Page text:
RIT wins appreciation award at Education for Peace Conference
Annual conference offers workshops for elementary, middle and high school students on peaceful co-existence and non-violence
May 1, 2009
by Michelle Cometa
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Rochester ranks as one of New York state’s cities with the highest rates of community violence. In an effort to decrease these rates, grassroots efforts such as the annual Education for Peace Conference involve young people in the solutions. At this year’s conference, student peace ambassadors opened the program with personal testimonials to resolving conflicts within their schools and communities.
Rochester Institute of Technology was also recognized by the conference organizers for its long-time support of the conference and given an Education for Peace Appreciation Award.
“We at RIT are very appreciative of this recognition for hosting this wonderful event, which brings together our community’s younger generation to focus on building world peace. The efforts of many individuals on campus help to pull this conference together each year and we thank and applaud all of the organizers and the teachers who make this event possible,” says Deborah Stendardi, vice president of RIT’s Government and Community Relations division.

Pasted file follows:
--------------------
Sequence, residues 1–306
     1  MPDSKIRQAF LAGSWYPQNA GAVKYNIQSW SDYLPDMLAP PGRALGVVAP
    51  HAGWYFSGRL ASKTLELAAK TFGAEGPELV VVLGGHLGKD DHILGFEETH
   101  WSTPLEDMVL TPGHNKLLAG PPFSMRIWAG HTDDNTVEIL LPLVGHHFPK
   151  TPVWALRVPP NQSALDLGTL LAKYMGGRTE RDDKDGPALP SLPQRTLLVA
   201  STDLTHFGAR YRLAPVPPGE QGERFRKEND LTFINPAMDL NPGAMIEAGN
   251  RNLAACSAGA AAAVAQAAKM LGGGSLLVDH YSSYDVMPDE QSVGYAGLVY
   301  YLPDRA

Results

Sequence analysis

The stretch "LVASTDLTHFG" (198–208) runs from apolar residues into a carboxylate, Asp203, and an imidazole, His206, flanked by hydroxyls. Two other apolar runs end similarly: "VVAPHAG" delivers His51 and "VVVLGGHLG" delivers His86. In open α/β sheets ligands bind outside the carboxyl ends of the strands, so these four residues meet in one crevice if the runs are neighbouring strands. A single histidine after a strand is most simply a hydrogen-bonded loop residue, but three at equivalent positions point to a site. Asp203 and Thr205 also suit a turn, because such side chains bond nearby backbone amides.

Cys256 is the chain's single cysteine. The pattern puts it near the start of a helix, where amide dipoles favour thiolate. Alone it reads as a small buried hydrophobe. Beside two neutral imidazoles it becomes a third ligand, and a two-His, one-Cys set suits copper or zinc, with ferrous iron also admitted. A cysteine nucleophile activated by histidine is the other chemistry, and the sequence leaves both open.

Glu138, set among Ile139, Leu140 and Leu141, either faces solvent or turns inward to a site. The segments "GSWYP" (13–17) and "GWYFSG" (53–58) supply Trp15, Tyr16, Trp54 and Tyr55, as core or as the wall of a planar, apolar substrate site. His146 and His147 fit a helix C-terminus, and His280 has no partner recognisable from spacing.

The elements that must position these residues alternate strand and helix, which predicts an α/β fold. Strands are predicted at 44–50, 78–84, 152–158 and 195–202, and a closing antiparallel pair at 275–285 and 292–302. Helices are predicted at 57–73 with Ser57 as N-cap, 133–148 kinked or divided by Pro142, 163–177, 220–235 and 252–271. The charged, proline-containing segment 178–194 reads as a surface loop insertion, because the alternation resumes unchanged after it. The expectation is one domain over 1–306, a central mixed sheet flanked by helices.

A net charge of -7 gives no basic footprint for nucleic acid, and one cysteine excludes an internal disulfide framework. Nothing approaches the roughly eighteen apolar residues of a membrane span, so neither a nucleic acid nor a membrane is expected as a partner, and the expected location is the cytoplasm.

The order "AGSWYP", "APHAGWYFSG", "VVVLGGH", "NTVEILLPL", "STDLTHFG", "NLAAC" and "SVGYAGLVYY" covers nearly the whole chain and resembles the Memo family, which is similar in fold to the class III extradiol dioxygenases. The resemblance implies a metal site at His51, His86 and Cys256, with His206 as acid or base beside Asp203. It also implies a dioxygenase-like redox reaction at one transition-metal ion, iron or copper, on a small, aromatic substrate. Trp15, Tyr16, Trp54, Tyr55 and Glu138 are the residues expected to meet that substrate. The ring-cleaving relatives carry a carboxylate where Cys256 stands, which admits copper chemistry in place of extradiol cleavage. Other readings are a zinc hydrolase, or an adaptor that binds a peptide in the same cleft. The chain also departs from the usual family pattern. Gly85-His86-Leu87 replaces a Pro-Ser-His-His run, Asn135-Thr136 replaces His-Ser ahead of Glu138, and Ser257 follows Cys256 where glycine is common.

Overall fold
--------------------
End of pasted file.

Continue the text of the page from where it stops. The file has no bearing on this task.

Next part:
Organizer Dina D’Aiuto added that up until the last few years, the conference had moved from various schools in the area. They out grew many locations as conference participation grew and found a home at RIT where they have sponsored the conference for 10 of the 18 years the program has been in existence. The 2009 conference took place April 28 in the Louise Slaughter Building.
“We thank RIT for hosting us. You have a lot of spirit and we have a lot of gratitude,” she says.
More than 75 students participated in a variety of workshops such as Dismantling Racism, Transforming Suffering into Peace and Conflict Resolution. The Education for Peace Program was founded in 1989 and serves students in Monroe County K-12 programs. Participants at this year’s program came from the Rochester City School District.
“Peace is what you are,” said co-founder and NTID professor, Thomas Warfield. “If we want a peaceful world, we have to make ourselves peaceful.”